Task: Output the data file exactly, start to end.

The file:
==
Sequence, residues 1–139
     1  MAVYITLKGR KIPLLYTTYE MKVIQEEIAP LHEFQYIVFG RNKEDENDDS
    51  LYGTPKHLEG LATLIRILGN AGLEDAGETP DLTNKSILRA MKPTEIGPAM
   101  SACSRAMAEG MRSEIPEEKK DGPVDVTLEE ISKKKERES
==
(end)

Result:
Sequence, residues 1–139
     1  MAVYITLKGR KIPLLYTTYE MKVIQEEIAP LHEFQYIVFG RNKEDENDDS
    51  LYGTPKHLEG LATLIRILGN AGLEDAGETP DLTNKSILRA MKPTEIGPAM
   101  SACSRAMAEG MRSEIPEEKK DGPVDVTLEE ISKKKERES